We reveal all the features Samsung refused to add to its new iPad rival

If you’ve been looking at snapping up a new high-end Android tablet recently, you might have noticed that the slates that are available don’t quite match up to the smartphone in your pocket.

Sure, there’s plenty of storage, stunning screens and more processing power than you’re ever likely to need, but on the more exciting features front, tablets still come up short.

According to Samsung, this is by design rather than a lack of ability. Although your next Android running iPad rival could feature the same array of coveted add ons as your feature rich handset, manufacturers actively scale back their abilities on purpose.

Why? Well, according to the Korean manufacturer, it all comes down to cost.

“We could put an iris scanner in there, we could put wireless charging in, it could be done, but we have to have a tradeoff between getting a great tablet for what users are going to use it for, and what they are willing to pay for it,” Samsung’s European Head of Product Management, Mark Notton, said speaking exclusively with TrustedReviews.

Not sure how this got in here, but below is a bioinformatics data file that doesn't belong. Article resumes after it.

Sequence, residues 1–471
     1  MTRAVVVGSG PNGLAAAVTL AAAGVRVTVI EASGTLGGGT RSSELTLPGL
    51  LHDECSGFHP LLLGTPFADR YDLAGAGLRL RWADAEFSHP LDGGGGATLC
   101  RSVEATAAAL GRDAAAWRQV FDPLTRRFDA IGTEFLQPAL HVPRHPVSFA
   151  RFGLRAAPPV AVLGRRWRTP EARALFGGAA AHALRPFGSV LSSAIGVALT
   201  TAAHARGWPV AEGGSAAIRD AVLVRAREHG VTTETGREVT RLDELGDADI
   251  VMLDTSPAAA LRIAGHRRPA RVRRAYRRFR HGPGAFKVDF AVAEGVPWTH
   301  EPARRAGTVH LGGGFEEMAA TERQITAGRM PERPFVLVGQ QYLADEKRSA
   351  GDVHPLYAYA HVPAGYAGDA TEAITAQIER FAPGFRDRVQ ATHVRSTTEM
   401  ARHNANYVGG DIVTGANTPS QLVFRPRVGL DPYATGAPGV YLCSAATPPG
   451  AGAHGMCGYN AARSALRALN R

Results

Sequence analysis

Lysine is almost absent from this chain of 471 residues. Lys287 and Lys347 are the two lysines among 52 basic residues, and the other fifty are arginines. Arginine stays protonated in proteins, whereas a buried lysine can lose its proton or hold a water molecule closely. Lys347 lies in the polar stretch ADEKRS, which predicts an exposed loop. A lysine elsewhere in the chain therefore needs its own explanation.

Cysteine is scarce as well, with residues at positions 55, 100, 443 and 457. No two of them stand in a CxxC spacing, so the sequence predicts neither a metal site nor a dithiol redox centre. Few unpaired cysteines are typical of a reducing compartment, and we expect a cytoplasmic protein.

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Samsung Galaxy Tab S3 19

“We can do all of the things on tablet that we do on smartphones, but generally across the European market, and especially in the UK where smartphones tend to be subsidised and you can pay monthly, we’re able to get more technology in there because [the cost] can be spread out over a longer period of time.

“With the tablet, there is still a ceiling of what people are willing to pay as an RRP.”

So, with manufacturers being more selective on the features that they add, how do they decide what should make the cut, and what should be added to the reserve list for future iterations?

According to Samsung, practicality is key to making the list.

Galaxy Tab S3

On a device that’s less likely to leave your house than your smartphone, wireless charging and increased biometrics take a backseat, while things like image quality are given added focus.

That’s what the company has done with its latest super slate, the Samsung Galaxy Tab S3, a 9.7-inch tablet with a HDR-enhanced Super AMOLED display. Still, even with display, the updates rollout has to be tapered.

“There’s no outlook on when we’re going to bring 4K to tablet,” Notton told us.

“Certainly, the HDR content, because we have these bright, vivid screens, really comes to life. Things like Amazon Prime Video are coming in with more and more HDR content, and more people are using tablets for viewing.

“Snacking on TV or even sitting and watch a whole boxset’s worth on tablet is becoming more and more popular. That’s becoming a more rich experience and HDR is a key component of that.”

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What features do you want to make it to tablet? Let us know below.